By the Book: Last year’s book list gets a report card


2016. The years tick by like that stopwatch on “60 Minutes.” As I did last year, I’m reviewing the 2015 selections from the Southold Free Library Book Club. The opinions are mine and mine alone. 

‘The Invisible Thread’ (Laura Schroff): The true story of a sophisticated New York woman and an 11-year-old panhandler. He asks for loose change, she walks away. She reconsiders, walks back and buys him breakfast, beginning a 30-year friendship during which each life is forever changed. My grade: B

‘I Know Why the Caged Bird Sings’ (Maya Angelou): I rarely use the word “soaring,” but this memoir soars. From stifling racism and through unspeakable physical abuse, Angelou rises to literary heights with her majestic poetry/prose. A+

‘Flight Behavior’ (Barbara Kingsolver): I love Kingsolver and am awed by monarch butterflies. But I dislike crusading fiction that uses a thin, unlikely story to endlessly hammer home science/nature problems and how we must resolve them. C+

‘To End All Wars’ (Adam Hochschild) A mix-mastered examination of World War I generals (vain, clueless), Allied troops (misused, doomed) and politicians (uh-oh), generally inept. Some of it interesting, much of it stiff and stolid. B-

‘Women in Love’ (D.H. Lawrence): I’ve concluded that I’m not an intellectual. I got through maybe 25 percent of this famous author/famous book, ostensibly about love but actually about supercilious, self-centered people, and realized I’d fallen asleep seven times. I thought it stilted. F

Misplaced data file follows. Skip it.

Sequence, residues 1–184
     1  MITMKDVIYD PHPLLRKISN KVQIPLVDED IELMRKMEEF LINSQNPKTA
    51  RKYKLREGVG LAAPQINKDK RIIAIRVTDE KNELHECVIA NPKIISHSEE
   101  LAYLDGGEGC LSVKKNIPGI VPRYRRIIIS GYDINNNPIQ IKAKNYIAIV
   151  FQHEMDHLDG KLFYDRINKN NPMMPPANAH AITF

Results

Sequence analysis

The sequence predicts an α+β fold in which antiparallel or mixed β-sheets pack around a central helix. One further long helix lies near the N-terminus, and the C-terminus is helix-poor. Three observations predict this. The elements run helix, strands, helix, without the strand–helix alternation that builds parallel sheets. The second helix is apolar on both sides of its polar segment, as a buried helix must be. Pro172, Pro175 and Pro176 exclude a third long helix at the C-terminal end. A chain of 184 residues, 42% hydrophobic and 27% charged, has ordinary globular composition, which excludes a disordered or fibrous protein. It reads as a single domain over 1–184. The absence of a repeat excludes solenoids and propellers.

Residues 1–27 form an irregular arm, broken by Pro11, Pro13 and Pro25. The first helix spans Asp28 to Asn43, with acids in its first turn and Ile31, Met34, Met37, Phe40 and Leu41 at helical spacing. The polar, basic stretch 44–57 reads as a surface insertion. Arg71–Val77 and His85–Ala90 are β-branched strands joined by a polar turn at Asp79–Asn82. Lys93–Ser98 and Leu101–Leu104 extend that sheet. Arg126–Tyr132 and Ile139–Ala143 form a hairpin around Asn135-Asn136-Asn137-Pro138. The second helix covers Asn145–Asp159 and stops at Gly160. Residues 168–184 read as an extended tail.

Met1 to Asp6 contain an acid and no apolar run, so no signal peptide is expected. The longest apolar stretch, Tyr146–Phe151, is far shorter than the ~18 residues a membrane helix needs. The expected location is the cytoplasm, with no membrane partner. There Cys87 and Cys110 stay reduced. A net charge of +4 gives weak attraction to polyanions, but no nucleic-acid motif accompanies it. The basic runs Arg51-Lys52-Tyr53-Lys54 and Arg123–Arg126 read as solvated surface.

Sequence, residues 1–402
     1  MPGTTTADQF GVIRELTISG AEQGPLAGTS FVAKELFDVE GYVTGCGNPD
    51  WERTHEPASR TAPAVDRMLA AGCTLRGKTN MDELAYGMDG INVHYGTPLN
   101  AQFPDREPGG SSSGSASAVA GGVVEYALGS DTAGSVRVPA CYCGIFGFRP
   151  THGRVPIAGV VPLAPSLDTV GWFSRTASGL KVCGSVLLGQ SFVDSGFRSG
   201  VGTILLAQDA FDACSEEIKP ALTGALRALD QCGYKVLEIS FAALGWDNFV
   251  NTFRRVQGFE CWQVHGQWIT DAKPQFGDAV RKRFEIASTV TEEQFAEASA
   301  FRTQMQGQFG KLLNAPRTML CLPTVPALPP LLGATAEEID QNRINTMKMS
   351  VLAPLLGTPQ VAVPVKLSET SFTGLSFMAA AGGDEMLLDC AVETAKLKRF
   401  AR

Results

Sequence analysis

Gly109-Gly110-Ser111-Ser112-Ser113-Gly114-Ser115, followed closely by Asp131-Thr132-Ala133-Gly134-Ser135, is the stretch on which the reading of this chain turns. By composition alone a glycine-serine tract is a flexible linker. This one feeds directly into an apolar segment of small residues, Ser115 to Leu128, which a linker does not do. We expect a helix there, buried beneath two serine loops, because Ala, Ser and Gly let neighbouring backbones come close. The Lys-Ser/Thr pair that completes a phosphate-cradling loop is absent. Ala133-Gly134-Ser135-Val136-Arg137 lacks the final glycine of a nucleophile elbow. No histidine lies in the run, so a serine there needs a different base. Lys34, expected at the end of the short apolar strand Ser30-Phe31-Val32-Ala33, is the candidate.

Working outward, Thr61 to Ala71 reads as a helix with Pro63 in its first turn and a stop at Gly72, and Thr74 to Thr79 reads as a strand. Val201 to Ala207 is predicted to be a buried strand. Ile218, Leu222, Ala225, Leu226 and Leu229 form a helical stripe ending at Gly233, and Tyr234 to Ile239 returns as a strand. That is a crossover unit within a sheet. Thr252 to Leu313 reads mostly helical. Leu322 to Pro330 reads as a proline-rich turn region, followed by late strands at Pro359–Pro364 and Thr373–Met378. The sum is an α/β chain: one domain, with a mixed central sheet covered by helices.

‘Moon Tiger’ (Penelope Lively): I liked this quite a bit yet I’m having trouble pinning it down. An elderly woman, not well, sifting through her life’s marker points — most poignantly, her love affair with a British officer who was killed in battle. A strong, fearless woman. B

‘All Quiet on the Western Front’ (Erich Maria Remarque): This heralded antiwar classic takes us into the mud and misery of World War I’s trenches. The binding friendship of the young soldiers is central, the pointlessness of the war is apparent, the ending as sad as you knew it would be. B+

‘The Accidental Universe’ (Alan Lightman): The blurb said “ … explores the emotional and philosophical questions of the human condition” and I inwardly blanched. Surprise! It was my favorite book of the year. Wonderfully constructed and written in beautiful, simple language, it was constantly thought-provoking. I strongly recommend it. A+

Their Eyes Were Watching God’ (Zora Neale Thurston): This started slowly, but perked up when Jamie Crawford married and moved to a lively community in Florida. I was uncertain about her brash husband but he proved himself wonderfully as their joyful story unfolded. B+

‘Orphan Train’ (Christina Baker Kline): Events bring Molly, 16, and Vivian, 80, together. Molly is a footloose orphan; Vivian, years ago, had ridden an orphan train. Such trains moved hundreds of orphans from New York City to the Midwest in the early 1900s. The two women soon discover they’re more alike than they first thought. A+

‘Lawrence in Arabia’ (Scott Anderson): Hundreds of pages long. Hundreds. Endless references to men involved in World War I, men I’d never heard of. Lots of camels, dry as the desert it told of. I knew it would go on and on and dismounted on page 31. F

‘Rabbit is Rich’ (John Updike): I actually finished this, desperately searching for a redeeming feature. Overwritten, over-celebrated and over the top. I found it dreadful. Perhaps meant as a cynical slice of America, but I’ve been around for many moons and don’t know anyone resembling such graceless people. F

I thought it was just an OK year, certainly heavy on acknowledging the 75th anniversary of World War I.

TR050808_book_Case_R.jpgMr. Case, of Southold, is retired from Oxford University Press. He can be reached at [email protected].

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